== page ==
Do you know any?
    This Turms not wearing winged sandals, but holding an egg, seems to be good evidence for him being Charun.

    More on eggs.
    I could not find many Etruscan eggs on the Internet*:
    We saw some three or four on Paleoglot.
    I remember an egg of Elinai and an egg held by (a son of) Hercle (I saw this before my first appearance as a commentor. It is a statue, Hercle holding a big white egg.).
    None of these eggs are really egg shaped.**
    Two of the eggs are big and round (The Turms egg and the Hercle egg as I remember it.).
    I hoped this would be the shape of swan eggs, but I found that swan eggs are almost ellipsoid***.
    So the swan deity you mentioned may not be a breeding one.

    Probably I am not good at searching.

    Egg shape:
    Locus P:
    PX+2PY=2ZY ; PZ etc being understood as the distance.
    This is a special case of Locus P: PX+PY+PZ=C.

    The foci of a swan egg, X, Y and Z being on a straight line,
    approximately XY:YZ=YZ:2XY.

  7. Xaru(n) is found in short inscriptions such as on this vessel or on this mural.

    "Egg shape: Locus P: PX+2PY=2ZY ; PZ etc being understood as the distance."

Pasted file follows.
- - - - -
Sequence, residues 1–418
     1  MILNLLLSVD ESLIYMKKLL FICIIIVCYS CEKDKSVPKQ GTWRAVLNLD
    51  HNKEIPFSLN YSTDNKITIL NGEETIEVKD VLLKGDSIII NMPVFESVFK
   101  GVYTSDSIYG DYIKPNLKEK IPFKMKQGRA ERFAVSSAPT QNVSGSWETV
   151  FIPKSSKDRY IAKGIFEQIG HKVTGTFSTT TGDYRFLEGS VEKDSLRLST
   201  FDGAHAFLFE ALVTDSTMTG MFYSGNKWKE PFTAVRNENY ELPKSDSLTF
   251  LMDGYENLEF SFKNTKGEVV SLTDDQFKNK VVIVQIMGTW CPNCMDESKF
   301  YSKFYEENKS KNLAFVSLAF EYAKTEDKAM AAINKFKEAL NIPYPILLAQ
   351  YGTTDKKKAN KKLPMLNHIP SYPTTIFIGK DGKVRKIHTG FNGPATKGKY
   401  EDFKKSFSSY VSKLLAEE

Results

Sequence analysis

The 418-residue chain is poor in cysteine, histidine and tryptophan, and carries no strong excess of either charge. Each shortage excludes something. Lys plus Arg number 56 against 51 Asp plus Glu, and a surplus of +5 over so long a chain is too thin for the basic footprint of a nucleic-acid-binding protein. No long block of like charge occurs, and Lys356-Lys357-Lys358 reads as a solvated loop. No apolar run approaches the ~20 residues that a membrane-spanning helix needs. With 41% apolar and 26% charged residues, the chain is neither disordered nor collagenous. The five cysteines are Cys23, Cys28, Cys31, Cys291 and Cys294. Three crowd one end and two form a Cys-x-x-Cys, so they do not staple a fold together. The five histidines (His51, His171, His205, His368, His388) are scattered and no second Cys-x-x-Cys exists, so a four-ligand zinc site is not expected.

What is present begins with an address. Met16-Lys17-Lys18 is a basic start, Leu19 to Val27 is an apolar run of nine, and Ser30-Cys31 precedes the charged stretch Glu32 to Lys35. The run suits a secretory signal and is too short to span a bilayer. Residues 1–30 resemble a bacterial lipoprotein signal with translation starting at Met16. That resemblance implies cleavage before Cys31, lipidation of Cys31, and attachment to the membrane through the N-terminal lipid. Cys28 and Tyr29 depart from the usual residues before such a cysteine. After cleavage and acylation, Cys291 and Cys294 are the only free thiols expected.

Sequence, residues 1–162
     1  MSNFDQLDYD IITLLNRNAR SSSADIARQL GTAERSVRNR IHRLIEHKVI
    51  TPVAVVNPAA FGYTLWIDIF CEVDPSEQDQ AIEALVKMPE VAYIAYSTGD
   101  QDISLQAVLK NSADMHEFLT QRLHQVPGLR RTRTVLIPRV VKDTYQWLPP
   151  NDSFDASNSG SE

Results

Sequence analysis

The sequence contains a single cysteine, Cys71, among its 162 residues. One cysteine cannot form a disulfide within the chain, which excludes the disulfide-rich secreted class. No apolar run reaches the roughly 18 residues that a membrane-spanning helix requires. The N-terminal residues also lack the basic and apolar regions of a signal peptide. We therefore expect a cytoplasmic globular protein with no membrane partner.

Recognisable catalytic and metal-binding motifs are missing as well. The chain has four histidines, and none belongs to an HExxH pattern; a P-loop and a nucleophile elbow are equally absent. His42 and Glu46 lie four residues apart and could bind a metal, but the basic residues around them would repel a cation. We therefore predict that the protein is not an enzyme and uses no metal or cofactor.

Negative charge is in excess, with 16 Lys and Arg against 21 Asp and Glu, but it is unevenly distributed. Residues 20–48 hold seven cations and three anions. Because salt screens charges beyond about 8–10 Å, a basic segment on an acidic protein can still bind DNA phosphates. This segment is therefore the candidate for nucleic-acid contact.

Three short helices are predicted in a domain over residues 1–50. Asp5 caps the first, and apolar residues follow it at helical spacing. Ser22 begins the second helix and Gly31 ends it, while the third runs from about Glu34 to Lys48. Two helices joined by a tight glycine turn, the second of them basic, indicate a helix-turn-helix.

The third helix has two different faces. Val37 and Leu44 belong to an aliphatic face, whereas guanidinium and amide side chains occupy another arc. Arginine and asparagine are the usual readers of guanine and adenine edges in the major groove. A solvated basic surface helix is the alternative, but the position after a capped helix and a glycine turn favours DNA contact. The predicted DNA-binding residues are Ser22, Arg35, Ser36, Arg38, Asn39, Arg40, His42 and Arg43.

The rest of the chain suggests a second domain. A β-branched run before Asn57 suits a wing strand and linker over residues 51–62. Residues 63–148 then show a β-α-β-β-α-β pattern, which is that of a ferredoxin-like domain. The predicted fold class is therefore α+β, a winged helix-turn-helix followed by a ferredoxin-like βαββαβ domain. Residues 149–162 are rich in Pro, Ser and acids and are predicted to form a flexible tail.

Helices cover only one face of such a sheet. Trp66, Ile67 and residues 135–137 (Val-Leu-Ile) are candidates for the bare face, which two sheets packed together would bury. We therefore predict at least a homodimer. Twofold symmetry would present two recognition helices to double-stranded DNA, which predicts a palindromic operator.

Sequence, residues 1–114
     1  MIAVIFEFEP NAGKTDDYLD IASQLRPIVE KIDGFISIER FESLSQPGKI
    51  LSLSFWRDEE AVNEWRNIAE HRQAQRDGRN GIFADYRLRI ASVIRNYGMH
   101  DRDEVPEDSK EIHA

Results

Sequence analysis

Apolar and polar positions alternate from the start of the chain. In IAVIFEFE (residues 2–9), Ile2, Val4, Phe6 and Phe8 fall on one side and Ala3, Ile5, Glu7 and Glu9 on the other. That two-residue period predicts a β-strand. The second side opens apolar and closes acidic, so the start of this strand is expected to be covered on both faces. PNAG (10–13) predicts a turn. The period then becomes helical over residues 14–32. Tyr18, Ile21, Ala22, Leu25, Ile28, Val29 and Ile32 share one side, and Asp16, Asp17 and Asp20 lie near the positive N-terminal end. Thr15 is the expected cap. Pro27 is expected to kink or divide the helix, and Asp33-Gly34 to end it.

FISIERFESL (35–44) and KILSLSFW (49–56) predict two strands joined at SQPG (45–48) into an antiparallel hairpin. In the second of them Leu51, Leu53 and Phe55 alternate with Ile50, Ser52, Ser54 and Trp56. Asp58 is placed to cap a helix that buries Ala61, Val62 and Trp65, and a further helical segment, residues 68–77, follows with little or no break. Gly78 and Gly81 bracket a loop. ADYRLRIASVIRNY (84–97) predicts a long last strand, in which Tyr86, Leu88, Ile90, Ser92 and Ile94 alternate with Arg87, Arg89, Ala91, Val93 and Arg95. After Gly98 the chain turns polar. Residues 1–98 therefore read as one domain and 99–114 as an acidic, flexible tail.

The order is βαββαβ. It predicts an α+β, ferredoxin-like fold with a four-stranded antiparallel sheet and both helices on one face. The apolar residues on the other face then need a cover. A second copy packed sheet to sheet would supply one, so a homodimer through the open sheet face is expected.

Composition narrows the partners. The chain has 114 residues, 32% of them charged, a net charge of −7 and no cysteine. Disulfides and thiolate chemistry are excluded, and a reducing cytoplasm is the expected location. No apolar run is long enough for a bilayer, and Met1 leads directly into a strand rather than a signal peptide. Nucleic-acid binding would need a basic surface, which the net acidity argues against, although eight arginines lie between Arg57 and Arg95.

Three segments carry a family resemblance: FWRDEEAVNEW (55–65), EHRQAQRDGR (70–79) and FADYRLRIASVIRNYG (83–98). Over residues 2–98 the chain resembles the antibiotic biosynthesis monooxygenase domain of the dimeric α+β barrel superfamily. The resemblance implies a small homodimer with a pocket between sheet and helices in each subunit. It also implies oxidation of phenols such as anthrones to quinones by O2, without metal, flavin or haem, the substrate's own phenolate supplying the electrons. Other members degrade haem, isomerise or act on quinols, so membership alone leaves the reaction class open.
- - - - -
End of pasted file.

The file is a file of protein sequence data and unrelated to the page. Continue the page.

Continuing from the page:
This is overanalysis. Art isn't always realism. As far as most artists are concerned, it suffices that an egg is drawn round.

    Consider also that in Greek Orphic tradition, the bird of creation Nyx (literally "Night") is imagined as a great bird with black wings. Simply put, the required element in the production of this mythic ovoid is a bird, any bird, not just a swan necessarily.

    You should focus more on where the symbolism of this creation myth is coming from. It's an expected belief for Mediterraneans, being largely marine-based, to come to reason by analogy that the world arose out of the sea, just as an island appears to similarly rise out from the waters when sailing. Since there is no land in this hypothetical beginning, what other than a flying or swimming creature could cope with this "time before time"?